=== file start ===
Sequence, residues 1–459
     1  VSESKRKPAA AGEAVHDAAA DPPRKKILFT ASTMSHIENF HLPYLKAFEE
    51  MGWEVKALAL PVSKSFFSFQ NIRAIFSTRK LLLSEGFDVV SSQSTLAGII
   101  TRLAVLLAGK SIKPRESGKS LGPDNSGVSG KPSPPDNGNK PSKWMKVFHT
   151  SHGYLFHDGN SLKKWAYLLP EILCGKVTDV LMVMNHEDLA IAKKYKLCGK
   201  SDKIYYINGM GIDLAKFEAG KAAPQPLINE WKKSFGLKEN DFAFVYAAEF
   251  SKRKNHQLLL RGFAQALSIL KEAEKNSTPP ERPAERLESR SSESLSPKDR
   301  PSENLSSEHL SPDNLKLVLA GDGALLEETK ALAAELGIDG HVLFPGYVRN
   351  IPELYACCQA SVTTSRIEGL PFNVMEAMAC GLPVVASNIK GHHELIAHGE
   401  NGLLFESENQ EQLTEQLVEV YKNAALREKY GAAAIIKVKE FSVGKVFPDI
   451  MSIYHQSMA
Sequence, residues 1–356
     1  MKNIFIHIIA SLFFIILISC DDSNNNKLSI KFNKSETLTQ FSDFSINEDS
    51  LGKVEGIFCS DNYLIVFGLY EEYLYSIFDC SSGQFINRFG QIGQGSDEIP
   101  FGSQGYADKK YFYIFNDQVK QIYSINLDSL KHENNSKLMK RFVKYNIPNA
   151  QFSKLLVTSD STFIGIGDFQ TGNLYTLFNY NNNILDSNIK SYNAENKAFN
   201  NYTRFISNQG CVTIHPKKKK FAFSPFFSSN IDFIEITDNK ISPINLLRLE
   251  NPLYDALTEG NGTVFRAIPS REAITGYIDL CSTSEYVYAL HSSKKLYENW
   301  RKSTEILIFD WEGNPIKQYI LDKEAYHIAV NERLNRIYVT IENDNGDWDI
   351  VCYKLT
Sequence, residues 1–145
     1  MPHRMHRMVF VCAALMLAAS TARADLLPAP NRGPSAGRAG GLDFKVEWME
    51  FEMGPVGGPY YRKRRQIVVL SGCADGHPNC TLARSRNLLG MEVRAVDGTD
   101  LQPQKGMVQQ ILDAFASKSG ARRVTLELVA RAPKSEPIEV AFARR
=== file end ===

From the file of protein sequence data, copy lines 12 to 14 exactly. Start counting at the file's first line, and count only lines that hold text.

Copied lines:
Sequence, residues 1–356
     1  MKNIFIHIIA SLFFIILISC DDSNNNKLSI KFNKSETLTQ FSDFSINEDS
    51  LGKVEGIFCS DNYLIVFGLY EEYLYSIFDC SSGQFINRFG QIGQGSDEIP